When Gwen Goldman was 10 years old, she had a dream: to be a bat girl for the New York Yankees. She wanted it so much that she wrote a letter to the team and waited for a response, hopes high. While she did receive a reply from the Major League Baseball team, it was not the one she had wished for.
“While we agree with you that girls are certainly as capable as boys,” wrote Yankees general manager Roy Hamey, “and no doubt would be an attractive addition on the playing field, I am sure you can understand that it is a game dominated by men a young lady such as yourself would feel out of place in a dugout.”
Disheartened but not deterred, Goldman hung the letter on her living room wall because she still loved the team so much. She also admitted, as reported by People, that it was her way to hold on to that dream. Perhaps her notion of holding on was a powerful one because 60 years to the date of that first letter, the Yankees wrote her another note.
You can see photos of both letters in this New York Yankees Twitter post.
60 years later, in a new letter to Gwen from the current Yankees GM, Brian Cashman invites her to Yankee Stadium to fulfill her dream. pic.twitter.com/FHZK3SIfe5
— New York Yankees (@Yankees) June 25, 2021
In 2017, Goldman retired as a public school preschool teacher in Westport, Connecticut.
Current Yankees general manager Brian Cashman invited Goldman to a Zoom call after receiving an email written by her daughter, Abby. On the call, he read his letter to her.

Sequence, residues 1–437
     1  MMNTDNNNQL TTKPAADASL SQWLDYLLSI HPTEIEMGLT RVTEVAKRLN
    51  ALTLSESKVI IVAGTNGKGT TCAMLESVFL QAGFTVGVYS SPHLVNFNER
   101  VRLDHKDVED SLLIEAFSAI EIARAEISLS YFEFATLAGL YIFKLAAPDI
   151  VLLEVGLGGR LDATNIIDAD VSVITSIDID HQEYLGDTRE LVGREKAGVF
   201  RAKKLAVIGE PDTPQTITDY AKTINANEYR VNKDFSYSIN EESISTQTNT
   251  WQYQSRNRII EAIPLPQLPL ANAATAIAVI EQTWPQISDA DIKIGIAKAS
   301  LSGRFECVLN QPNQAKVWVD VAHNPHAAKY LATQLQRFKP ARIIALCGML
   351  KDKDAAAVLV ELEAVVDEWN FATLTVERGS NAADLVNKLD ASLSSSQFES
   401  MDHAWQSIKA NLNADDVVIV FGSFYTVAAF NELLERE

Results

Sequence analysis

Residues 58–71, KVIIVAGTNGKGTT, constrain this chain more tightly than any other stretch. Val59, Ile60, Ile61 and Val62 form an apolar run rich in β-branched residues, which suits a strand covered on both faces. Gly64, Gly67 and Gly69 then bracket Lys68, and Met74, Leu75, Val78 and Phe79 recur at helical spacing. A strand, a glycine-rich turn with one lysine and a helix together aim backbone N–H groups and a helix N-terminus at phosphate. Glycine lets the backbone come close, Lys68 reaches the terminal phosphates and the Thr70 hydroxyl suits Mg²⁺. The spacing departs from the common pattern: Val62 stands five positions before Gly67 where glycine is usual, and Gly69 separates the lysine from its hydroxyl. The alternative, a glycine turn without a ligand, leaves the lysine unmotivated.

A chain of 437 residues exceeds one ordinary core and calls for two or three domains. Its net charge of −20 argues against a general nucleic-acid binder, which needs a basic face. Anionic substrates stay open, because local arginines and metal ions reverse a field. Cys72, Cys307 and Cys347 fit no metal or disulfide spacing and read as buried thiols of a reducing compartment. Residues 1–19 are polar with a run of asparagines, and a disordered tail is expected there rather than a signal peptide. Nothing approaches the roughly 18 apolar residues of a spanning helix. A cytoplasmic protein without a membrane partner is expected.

“Although your long-ago correspondence took place 60 years ago (six years before I was born),” Cashman wrote, “I feel compelled to resurrect your original request and do what I can to bring your childhood dream to life.”
He went on to say that the team champions breaking down gender barriers in the industry, believing that women belong everywhere men do. and invited her to serve as honorary bat girl.
“It is my honor and my dream,” Goldman replied, visibly overcome with emotion, “and I can’t thank you enough for making this come true.”
On Monday, June 28, Goldman threw out a ceremonial first pitch dressed in a full Yankees uniform. It happened at a game against the Los Angeles Angels, as part of the team’s HOPE (Helping Others Persevere & Excel) Week initiative. The team highlights a different individual, family or organization worthy of recognition and support every day of HOPE Week.
Here’s a tweet from the team showing a video of the pitch:
— New York Yankees (@Yankees) June 28, 2021
“It was a thrill of a lifetime — times a million,” Goldman said in a mid-game news conference reported by the AP. “And I actually got to be out in the dugout, too. I threw out a ball, I met the players. Yeah, it goes on and on. They had set up a day for me that is something that I never would have expected.”